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I was trying to make Calcium metal by electrolyzing molten $\ce{CaCl_2}$. I used a stainless steel spoon and a thick steel wire as electrodes. Then I attached them to a power supply. I placed some $\ce{CaCl_2}$ in the spoon and melted with a gas torch. I then placed the steel electrode in the molten pool and gradually pulled it out. A black glassy substance formed on the rod. I ran water over it and it fizzed as I would expect from Calcium metal, however, when it was exposed to air for a period of time it start to "melt" as it absorbed moisture from the air. As I was breaking it off of the electrode, it shattered and I could see that it was the glassy substance all the way through.

I am trying to figure out what I have made. Could it possibly be a mixture of unreacted $\ce{CaCl_2}$ and a small amount of Calcium?

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  • $\begingroup$ Could you clarify, if you used freshly calcined CaCl2 or a wet one? $\endgroup$ – permeakra Mar 2 '15 at 18:24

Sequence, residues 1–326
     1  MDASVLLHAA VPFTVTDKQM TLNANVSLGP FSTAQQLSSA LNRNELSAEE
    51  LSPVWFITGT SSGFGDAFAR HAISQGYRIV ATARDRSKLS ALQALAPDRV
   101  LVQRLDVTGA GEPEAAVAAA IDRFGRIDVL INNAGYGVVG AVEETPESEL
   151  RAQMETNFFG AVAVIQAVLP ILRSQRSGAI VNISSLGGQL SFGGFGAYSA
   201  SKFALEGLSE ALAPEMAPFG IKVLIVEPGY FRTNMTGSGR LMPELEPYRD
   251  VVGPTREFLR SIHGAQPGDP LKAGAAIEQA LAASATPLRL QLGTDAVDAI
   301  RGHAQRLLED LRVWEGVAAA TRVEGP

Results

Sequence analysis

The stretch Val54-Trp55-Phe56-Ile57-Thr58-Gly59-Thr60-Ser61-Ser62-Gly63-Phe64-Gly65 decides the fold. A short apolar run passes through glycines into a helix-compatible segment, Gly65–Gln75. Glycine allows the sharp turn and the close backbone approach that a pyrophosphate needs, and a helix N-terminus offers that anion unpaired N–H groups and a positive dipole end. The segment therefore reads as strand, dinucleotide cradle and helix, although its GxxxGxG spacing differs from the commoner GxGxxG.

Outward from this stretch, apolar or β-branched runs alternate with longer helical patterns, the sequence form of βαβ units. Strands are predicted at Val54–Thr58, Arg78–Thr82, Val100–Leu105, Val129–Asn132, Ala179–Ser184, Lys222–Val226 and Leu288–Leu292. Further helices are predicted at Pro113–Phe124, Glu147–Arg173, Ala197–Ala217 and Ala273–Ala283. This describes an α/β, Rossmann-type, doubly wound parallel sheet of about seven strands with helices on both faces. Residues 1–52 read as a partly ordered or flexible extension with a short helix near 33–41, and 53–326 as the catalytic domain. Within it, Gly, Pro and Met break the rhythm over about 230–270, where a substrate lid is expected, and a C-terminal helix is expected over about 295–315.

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I would hypothesize that the "black glassy stuff" is nothing more than glassified $\ce{CaCl_2}$. Metal is an excellent heat conductor and the liquid $\ce{CaCl_2}$ likely cooled rapidly to form glass when the cold wire was inserted.

Two things could be done to avoid this:

1.) heat the wire before inserting it into the mixture of molten $\ce{CaCl_2}$.

2.) heat the $\ce{CaCl_2}$ well above its melting point.

If you are determined to make Calcium metal it might be worth electrolysing an aqueous solution of $\ce{CaCl_2}$ to evolve the $\ce{Cl2(g)}$ (do this responsibly outside/in fume hood of course as $\ce{Cl2(g)}$ is poisonous.) Calcium Hydroxide should be the result. Evaporating the water will yield solid $\ce{CaOH}$, which should be much easier to electrolize using your method since it has a melting point of 580°C vs. 772°C for $\ce{CaCl_2}$.

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    $\begingroup$ Better yet, just buy"slaked lime", which is $\ce{Ca(OH)2}$. You should be able to find it at home improvement stores. $\endgroup$ – Ben Norris Aug 12 '13 at 10:54
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Does this sound like what you made: Iron (III) Chloride. Depending on the polarity of the electrode, one constituent of the melt will combine with the material of the electrode, so it sounds like the chlorine combined with the iron in the steel wire.

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    $\begingroup$ It's probably not $\ce{FeCl3}$, which is yellow to green in color $\endgroup$ – Ben Norris Aug 12 '13 at 10:50
  • $\begingroup$ > Iron (III) Chloride || would brake in gas torch $\endgroup$ – permeakra Mar 2 '15 at 18:23

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